On today's show, Brian Cooley kindly drops in to keep the streak alive -- with bourbon! Also, to discuss one analyst's counter-intuitive assessment that the Nintendo 3DS is priced too low. Well, I suppose it is, if you're a shareholder. But we're happy. In other news today, the iPad 2 will have a camera (duh), Google Voice might let you port your number for $20, and Angry Birds is probably coming to TV. Why didn't we think of Angry Birds, is what I want to know? --Molly
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Facetime, Camera, and Photobooth icons confirm camera in iPad 2
Nintendo will regret pricing the 3DS at $249
Google Voice ports your number for $20 — feature in development
LivingSocial Hits A Million Amazon Gift Cards Sold, $20 Million In Card Value
Angry Birds to become an animated series
Nokia cancels launch of X7 phone
Facebook launches new low-tech mobile site
Motorola sticks to its guns on locking down Android
Mail service costs Netflix 20x more than streaming
Spotify signs Sony deal in U.S.
Amazon buys LoveFilm, the “Netflix of Europe,” for $200 million
Playboy iPad app will actually be a Web page
Third-party app blamed for phantom Windows 7 data use
Apple iPhone 5 to have “diabolical” pentalobe screws?
Tatooine’s twin suns – coming to a planet near you just as soon as Betelgeuse explodes
Anonymous: we’re just training them!
A merger like this may be unheard of in the US, but in Canada Bell is one of the biggest telecommunication firms in the country with coast to coast internet, tv, cellular, and land line telephone. They also run most of the biggest TV networks in Canada including CTV, TSN (the sports network), Comedy Central, /A\ Channel, Much Music, Discovery (Canada), Bravo!, and many more. See the bottom of http://www.Ctv.ca for the full list. They also own Chum radio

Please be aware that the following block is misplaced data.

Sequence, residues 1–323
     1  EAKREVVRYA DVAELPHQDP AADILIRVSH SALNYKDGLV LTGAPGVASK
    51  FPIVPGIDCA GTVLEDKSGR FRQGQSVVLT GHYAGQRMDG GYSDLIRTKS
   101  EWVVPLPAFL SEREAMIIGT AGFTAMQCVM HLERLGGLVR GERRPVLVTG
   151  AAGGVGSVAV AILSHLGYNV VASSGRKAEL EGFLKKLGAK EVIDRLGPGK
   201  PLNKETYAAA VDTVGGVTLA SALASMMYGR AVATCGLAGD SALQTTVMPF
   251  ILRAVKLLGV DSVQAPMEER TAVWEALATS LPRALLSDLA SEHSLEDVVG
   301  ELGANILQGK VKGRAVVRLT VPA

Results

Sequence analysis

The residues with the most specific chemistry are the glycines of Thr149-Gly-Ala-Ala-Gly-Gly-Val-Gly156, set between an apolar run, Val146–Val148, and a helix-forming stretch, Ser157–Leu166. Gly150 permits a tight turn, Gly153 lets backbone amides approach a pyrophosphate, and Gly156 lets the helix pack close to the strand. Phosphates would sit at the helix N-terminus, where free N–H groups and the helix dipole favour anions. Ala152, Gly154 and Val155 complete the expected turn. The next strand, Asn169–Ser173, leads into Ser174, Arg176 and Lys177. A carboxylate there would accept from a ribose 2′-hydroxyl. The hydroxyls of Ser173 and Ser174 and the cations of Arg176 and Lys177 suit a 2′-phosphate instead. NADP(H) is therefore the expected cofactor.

(http://www.ctvglobemedia.com/en/chumRadio.aspx) which owns stations all across the country, and the Globe and Mail, one of Canada’s biggest daily newspapers.
Rogers has started getting into this as well with their purchase of the Sportsnet channels, and part ownership in both the Toronto Bluejays and Toronto Raptors sports teams, as well as RogersonDemand online streaming, and their premium channels on their digital cable service.
I can’t say wether this will be good, bad, or otherwise for us in the future but so far the content providers owning the content creators doesn’t seem to be making things any worse here, but it’s been this way for a long time. Hopefully the same holds true for the Comcast/NBC merger, but with the way it sounds, the only thing worse would be if AT&T bought NBC instead..
Ben in Nova Scotia, Canada.
It’s a bit unfair to compare iOS adoption to Gingerbread adoption. The day Gingerbread hits, it hits for carriers who then have to spend time to get it to work on their devices. All of this process takes place behind the scenes for Apple, so we hear about an update when developers get it and then it hits a few weeks later. Android just doesn’t work under that model. Gingerbread was literally released less than a month ago and the latest iOS was released in November. Why do they count a version of Android that is under development by manufacturers but not the development version of iOS? They’re counting Android adoption when a piece of its development cycle – getting it onto the actual device – has only just begun.
Froyo does already have over a 50% adoption rate. http://gizmodo.com/5737440/froyo-is-finally-being-used-by-over-50-of-android-users?utm_source=feedburner&utm_medium=feed&utm_campaign=Feed:+gizmodo/full+(Gizmodo)
Fragmentation is an issue for Android, sure, but the life cycle for a phone is pretty short compared to say, a computer. If your Android phone is outdated in its software, then within 6 months it’s also outdated in hardware.
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